# Is it alright to split a GridSearchCV?

Is it ok to split a GridsearchCV?

At first, I would try estimators from 100-300 (100 steps) for a random forest regressor and some other parameters and after that, I would start the GridsearchCV with the same parameter and just change the estimators from 400 - 600.

Is there any aspect that would disagree with that logic?

First my understanding of your problem. You want to find the best hyperparameters for a Random Forest.

For that, you want to first adjust n_estimators parameter and then the rest of parameters in different runs.

Before answering to your question, you will only want to do a thorough search of hyperparameters when you want to have an improvement of around 1%. So it will be a small improvement. If you want to improve your model, probably feature engineering or data engineering will give you a better improvement. Or even a different algorithm.

You can print the results of your GridsearchCV with

pd.DataFrame(clf.cv_results_)


No you shouldn't run a GridsearchCV in different runs you have to explore the whole parameters if you want to find the global minima. A small change in one parameter can affect other. At the end you are exploring a search space.

• Thank you. At first my real problem is that my gridsearch are too big. It doesnt finish before the server or kernel is dying. So therefore i thought the estimators are the only parameter i am not sure about. I want to start two gird search with the absolut same parameter but the estimators are different. I think that therefore the girdsearch is smaller an faster. Jan 24, 2020 at 18:00

Edit: oh, now I think I see why @CarlosMougan said no. You said

...start the same GridsearchCV with the same parameter and just change...

If you mean use the optimal values for all hyperparameters except n_estimators and now search only on that one hyperparameter, then Carlos is right, and for the right reason. Below, I interpreted your suggestion as searching over the whole space again, except with new range for n_estimators.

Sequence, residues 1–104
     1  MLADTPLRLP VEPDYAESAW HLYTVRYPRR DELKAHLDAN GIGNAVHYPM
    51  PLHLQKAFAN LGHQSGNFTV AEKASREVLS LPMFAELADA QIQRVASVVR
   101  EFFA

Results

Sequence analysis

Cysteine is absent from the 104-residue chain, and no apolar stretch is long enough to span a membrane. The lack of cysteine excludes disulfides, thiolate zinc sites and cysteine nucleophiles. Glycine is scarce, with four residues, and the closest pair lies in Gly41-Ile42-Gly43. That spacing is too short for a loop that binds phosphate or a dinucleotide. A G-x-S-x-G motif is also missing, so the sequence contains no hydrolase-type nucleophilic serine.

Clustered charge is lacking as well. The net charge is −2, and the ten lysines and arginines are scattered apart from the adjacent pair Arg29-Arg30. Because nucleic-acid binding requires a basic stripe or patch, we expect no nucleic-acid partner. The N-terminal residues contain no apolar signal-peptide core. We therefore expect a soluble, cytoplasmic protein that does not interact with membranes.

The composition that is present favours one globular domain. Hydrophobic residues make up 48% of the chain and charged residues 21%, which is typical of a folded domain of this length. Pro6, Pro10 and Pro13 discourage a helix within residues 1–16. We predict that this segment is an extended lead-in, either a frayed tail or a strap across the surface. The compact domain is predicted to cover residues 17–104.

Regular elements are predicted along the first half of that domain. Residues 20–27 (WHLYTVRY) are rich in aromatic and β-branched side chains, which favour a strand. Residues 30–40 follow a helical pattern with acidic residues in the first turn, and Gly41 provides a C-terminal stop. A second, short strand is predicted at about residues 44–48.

I don't see any reason that you can't do this. You might want to fix the cv-splits ahead of time and use the same ones for both runs of the grid search, too keep the comparisons completely fair. (In sklearn, this means passing cv as either one of their CV generators or as an iterable.)

This approach makes sense particularly in case

• you want to examine some results right away, so dump some smaller grid to look at while running the next grid. (This sort of matches your case, where run times(?) are high.)

• you expected the first grid to be all, but find one hyperparameter always performs best at the edge of your grid, so now you want top extends its range.

Finally, please note that the number of trees in a random forest has little to do with performance; rather, more trees just stabilizes some of the randomness in the tree construction. So generally, you want to set it "high enough," while not so high that computation is needlessly long.

• Yes, I extrapolated some of the info due that the OP made this question a few hour before (datascience.stackexchange.com/questions/66973/…) and I guess that he wanted to try the strategy that exploring parameter by parameter. Jan 25, 2020 at 23:18
• @CarlosMougan I think the singular "parameter" in what I quoted also lends credence to that interpretation, though on the whole I still read it as repeating a full grid search. Jan 26, 2020 at 14:18